Mummys, they are something that you would see going trick-or-treating on Halloween night. Or a good topic for a scary story at a sleepover. But have you ever wondered what the history is behind them? What was mummifying? How did they mummify people? Why did they mummify people? What was the purpose of mummification? Let’s go back to Ancient Egypt to see what mummification really was.
Imagine walking through the “red land” in Egypt. Desert as far as the can see, surrounded by the hot, dry, humid air. Sand piled higher than the empire state building. As you’re walking, the sun beats down on you. Then you see it. A beautiful temple that looks out of place in this hot lonely desert. Curiosity takes control over you as you find yourself walking toward the glorious sight. You walk through the huge opening. Towering above your head is hieroglyphics, the language of Ancient Egyptians. A tiny passage catches your eye. You walk through cautiously and you see a coffin. Next to the coffin is treasures like, jewelry and gold. Inside that coffin is a mummy.
5,000 years ago, if you walked into a tomb that is what you would see. Mummies contain barely more than bones, hair and skin. The mummies were preserved in the Ancient upper Egypt. In the hot lower Egypt all mummies have perished due to the hot and dry weather conditions. Not everyone was mummified. The way of mummifying changed over the course of time. It depended on the status of the dead. For example, if you were the pharaoh, you would definitely be mummified. But if you were a slave, the chances of being mummified were very slim ("An Overview of Mummification in Ancient Egypt.”, 2013). A complete mummification process were applied to people who could afford the costly treatment. Many members of nobility and upper class could receive the full treatment. Some middle class people were mummified, but there were fewer and less quality mummies among the middle and lower class groups (Infoplease, 2013).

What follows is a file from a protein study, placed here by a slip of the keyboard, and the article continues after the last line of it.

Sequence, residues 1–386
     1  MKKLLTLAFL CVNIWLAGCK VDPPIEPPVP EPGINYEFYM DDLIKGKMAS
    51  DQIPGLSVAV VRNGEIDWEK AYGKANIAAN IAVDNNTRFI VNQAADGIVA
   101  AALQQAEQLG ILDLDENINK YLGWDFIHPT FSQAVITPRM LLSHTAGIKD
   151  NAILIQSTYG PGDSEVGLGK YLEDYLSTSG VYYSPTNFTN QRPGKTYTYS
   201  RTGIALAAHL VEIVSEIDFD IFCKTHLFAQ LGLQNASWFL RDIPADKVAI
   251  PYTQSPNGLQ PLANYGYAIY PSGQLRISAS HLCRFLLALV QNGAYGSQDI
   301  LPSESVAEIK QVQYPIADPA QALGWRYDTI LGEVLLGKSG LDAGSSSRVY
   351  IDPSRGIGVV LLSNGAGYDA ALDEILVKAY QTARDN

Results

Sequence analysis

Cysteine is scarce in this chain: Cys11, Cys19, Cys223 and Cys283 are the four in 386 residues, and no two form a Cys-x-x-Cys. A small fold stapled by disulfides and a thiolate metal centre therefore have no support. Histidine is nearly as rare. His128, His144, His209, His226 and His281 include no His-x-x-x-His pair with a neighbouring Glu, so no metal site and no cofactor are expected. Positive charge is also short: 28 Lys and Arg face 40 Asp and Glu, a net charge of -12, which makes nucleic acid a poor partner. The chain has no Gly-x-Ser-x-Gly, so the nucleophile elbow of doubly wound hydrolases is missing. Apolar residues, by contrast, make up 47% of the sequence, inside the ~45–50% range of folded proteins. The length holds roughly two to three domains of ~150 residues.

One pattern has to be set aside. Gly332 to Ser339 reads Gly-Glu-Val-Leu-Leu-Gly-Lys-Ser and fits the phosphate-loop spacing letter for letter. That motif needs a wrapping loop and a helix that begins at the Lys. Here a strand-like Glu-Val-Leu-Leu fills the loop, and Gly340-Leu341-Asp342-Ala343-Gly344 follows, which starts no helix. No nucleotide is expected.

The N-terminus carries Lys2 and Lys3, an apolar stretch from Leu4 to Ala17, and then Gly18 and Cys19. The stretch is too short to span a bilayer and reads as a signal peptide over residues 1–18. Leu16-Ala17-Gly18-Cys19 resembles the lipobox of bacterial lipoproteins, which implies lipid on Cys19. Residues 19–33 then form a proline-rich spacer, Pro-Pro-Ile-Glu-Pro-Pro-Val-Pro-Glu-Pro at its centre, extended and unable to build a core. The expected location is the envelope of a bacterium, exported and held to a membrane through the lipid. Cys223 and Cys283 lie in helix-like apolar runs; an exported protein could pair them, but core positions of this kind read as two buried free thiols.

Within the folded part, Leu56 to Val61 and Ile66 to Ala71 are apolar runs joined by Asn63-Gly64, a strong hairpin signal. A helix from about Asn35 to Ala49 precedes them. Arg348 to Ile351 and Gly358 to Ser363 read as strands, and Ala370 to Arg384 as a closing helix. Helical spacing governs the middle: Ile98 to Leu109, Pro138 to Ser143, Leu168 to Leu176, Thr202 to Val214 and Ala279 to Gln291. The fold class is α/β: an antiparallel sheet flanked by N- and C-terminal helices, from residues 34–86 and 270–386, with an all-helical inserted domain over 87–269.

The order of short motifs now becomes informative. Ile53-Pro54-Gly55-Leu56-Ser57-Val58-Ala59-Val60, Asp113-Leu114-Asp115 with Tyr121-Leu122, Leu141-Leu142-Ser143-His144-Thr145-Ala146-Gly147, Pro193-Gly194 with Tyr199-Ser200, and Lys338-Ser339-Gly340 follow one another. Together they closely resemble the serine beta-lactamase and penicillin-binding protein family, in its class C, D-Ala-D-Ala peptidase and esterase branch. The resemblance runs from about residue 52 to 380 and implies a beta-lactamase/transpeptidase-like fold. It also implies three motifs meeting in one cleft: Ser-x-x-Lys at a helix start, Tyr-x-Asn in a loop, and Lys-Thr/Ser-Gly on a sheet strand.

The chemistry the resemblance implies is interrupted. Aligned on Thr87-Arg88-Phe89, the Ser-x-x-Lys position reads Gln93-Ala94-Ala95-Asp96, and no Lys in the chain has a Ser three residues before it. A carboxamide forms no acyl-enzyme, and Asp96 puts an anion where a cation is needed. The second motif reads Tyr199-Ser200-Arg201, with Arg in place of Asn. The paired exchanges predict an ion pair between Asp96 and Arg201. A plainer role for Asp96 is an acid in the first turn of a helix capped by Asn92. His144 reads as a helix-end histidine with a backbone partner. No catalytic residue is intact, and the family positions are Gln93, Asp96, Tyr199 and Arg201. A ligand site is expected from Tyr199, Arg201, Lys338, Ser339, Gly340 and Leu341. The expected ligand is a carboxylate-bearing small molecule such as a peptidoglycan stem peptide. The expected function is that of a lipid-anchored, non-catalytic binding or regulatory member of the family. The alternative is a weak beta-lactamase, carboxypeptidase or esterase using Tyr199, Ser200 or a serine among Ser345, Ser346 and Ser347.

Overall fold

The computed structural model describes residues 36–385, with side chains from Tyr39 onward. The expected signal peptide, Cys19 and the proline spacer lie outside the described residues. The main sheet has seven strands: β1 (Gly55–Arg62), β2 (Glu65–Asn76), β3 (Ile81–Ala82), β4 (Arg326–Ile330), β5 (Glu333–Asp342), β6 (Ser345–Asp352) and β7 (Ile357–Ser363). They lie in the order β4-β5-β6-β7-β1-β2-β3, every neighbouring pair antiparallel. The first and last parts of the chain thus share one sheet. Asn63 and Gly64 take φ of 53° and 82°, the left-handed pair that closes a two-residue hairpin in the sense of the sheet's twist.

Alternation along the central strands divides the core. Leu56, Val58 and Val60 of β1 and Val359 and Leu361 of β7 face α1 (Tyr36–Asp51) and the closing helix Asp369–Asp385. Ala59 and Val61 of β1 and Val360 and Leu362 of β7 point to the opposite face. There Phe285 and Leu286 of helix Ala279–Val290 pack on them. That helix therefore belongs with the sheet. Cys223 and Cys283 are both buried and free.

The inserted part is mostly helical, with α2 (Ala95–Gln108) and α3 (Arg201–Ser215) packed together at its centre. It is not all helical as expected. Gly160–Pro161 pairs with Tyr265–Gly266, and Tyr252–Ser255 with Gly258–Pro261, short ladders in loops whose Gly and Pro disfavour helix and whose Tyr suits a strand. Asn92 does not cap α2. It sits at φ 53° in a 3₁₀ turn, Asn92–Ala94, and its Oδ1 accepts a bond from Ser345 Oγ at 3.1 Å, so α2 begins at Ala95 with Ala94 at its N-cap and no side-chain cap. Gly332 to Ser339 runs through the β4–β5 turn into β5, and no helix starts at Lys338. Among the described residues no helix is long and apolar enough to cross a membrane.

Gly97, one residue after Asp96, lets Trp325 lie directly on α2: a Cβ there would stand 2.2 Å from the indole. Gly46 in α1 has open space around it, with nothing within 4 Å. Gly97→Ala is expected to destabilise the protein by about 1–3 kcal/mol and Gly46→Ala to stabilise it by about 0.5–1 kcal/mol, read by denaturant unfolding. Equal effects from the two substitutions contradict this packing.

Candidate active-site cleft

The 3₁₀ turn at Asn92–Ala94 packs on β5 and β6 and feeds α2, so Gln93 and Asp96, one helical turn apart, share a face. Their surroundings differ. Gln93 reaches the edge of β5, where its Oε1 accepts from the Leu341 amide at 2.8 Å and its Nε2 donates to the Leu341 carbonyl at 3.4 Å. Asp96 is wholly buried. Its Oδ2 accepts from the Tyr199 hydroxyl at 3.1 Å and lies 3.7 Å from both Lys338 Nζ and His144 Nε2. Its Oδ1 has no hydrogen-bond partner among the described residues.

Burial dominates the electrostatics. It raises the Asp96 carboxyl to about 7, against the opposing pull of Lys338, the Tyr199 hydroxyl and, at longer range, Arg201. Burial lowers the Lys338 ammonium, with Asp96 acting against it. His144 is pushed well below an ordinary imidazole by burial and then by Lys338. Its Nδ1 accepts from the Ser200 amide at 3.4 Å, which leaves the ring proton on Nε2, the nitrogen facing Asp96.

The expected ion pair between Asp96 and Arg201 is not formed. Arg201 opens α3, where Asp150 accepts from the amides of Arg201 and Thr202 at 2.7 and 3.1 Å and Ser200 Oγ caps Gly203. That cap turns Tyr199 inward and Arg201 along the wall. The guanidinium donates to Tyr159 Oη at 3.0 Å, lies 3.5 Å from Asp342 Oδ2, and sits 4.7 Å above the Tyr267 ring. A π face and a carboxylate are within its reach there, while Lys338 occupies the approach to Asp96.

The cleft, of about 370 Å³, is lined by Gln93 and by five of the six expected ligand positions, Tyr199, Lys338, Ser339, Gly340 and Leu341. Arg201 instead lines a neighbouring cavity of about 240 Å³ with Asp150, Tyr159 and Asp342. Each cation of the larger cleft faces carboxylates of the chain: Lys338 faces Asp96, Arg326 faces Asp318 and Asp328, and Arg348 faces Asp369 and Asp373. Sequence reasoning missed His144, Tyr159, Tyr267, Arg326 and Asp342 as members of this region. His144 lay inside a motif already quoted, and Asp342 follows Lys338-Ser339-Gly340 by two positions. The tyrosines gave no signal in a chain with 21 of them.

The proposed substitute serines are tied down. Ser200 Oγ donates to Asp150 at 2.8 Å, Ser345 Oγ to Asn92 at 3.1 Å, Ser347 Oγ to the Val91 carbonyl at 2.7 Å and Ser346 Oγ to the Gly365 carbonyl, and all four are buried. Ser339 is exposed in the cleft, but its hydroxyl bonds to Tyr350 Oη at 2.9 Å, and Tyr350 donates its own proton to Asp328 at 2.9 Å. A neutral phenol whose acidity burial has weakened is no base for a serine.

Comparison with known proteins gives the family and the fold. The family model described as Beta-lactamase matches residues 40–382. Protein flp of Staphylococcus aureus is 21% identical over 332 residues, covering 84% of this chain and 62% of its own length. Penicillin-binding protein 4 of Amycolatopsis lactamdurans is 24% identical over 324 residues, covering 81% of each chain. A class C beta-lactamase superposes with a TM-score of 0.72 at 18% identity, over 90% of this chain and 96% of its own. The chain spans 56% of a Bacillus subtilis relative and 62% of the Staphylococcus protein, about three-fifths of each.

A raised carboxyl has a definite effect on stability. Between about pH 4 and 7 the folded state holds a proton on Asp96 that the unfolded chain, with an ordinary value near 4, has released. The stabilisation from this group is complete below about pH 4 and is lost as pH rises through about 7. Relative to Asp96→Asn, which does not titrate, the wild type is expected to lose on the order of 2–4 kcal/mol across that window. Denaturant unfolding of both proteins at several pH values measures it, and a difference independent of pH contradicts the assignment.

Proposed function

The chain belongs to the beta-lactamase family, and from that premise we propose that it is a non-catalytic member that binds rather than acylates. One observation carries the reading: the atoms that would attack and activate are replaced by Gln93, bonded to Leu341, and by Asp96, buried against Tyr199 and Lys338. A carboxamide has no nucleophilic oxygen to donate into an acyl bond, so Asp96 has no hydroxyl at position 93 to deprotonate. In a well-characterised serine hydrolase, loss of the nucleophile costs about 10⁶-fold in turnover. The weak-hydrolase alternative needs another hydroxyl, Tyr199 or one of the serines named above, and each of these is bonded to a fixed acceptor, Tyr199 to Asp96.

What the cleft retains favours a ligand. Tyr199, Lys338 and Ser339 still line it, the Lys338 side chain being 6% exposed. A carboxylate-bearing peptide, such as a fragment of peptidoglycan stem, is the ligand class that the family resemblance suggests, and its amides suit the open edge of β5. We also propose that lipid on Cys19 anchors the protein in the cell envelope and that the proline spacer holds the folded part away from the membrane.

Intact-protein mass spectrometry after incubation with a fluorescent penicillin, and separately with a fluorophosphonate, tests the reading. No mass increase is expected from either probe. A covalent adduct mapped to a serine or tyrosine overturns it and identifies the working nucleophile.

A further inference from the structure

When you think of how mummies were mummified you may think that they were wrapped in toilet paper. Wrong! There was a very specific process that had to be followed in order to be mummified correctly. First the dead body is taken to a tent called “ibu” or the “place of purification”. There, the embalmers clean the body with good smelling palm wine. They then rinse the body with the water from the Nile river. Then one of the embalmer men make a cut on the left side of the body and remove the internal organs. It is extremely important to remove them because they are the first to decompose. The heart is left in the body. It is...